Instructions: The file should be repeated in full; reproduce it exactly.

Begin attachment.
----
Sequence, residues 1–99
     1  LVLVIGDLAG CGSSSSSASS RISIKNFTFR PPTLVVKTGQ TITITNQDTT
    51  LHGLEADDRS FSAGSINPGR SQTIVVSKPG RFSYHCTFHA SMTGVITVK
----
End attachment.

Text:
Sequence, residues 1–99
     1  LVLVIGDLAG CGSSSSSASS RISIKNFTFR PPTLVVKTGQ TITITNQDTT
    51  LHGLEADDRS FSAGSINPGR SQTIVVSKPG RFSYHCTFHA SMTGVITVK